The important things to remember to include are birthdate, physical appearance, family history, personality traits, quirks, and of course their goals and motivations throughout the book.

8 - Make a spreadsheet outline of each scene based on your four-page summary.

This step is very time consuming but so SO important for my writing process. Take each paragraph from your summary above and brainstorm all the scenes that are necessary to tell that part of the story. So, get your favorite spreadsheet maker fired up and type out one line for each scene detailing chapter number, POV, setting, date/timeline, characters involved, and what happens in each chapter.

One thing to remember here is that although everything is planned out - you CAN diverge from this outline as you write if your story takes a different direction. My characters are notorious for taking me somewhere I never even saw coming, and that's A-okay and super easy to update the spreadsheet when that time comes.

9 - Write a narrative summary of each scene.

I'll admit I do not write a full narrative for step nine. Instead, I use this as an opportunity to brain-dump #allthethings that are floating around inside of my head (or that I've previously scribbled out in my notebook). Dialog ideas, location descriptions, or any other tid bits of information you don't want to forget before it's time to write that scene.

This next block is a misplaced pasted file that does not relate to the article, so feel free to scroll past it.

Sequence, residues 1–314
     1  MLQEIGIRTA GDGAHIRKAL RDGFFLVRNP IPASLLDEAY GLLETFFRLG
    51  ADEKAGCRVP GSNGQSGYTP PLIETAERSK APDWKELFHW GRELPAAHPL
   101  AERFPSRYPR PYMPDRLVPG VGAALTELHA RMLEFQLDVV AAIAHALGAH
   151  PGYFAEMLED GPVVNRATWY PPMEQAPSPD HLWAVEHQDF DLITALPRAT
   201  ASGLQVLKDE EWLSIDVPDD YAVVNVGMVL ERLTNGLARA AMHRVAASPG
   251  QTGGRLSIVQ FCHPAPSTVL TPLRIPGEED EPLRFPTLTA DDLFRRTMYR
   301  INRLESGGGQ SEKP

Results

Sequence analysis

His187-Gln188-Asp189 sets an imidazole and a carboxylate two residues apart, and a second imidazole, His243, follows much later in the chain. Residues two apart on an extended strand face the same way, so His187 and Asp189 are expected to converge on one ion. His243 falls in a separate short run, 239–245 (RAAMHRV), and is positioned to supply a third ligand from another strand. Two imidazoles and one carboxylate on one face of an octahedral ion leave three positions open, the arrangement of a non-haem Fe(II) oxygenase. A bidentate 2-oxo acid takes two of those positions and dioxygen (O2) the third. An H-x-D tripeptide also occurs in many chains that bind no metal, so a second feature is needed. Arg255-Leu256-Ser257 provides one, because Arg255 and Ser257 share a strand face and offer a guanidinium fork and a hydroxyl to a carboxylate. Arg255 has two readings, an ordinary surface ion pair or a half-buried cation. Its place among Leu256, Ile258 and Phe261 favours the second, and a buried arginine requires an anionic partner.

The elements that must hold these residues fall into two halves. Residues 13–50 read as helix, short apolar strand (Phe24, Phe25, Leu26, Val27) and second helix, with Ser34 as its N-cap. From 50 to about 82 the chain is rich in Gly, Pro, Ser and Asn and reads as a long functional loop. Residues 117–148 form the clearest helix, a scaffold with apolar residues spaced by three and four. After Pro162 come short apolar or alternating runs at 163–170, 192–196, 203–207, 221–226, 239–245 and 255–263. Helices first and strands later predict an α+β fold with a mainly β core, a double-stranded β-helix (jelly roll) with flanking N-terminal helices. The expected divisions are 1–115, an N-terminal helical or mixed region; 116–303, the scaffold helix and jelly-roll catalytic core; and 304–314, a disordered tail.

10 - Write your book.

By this point, you should know what’s happening in each scene and where each character is development wise. It's time to get that first draft down on paper!

This is where I print out all of my character descriptions, spread sheets, and the like and slap them into my handy dandy novel binder for easy reference while writing.

Now, you might have noticed that this outlining process is kind of labor-intensive and definitely time-consuming. I was able to get steps 1 - 9 done for my current WIP in 10 hours spread over the course of a couple weeks. But once you have all of this detail written out and available to you, it becomes so much easier to crank that first draft out.

Now, you can do this process anywhere you like - inside of Google Docs, Scrivener, or my personal favorite - Trello. Trello is my go-to when it comes to managing and keeping track of all of the steps to complete the Snowflake Method outline. I've even got a free snowflake method Trello board template for you to grab below to get started.

How To Outline Your Novel Using The Snowflake Method | Thriving Scribes

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  • Thank you so much for sharing this! Looking for story mapping ideas and I came across this article. I used to write a ton when I was in school. I needed a guideline to refresh my memory on how to get those creative juices flowing.

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    Use this template to follow the Snowflake Method in my favorite project management tool, Trello.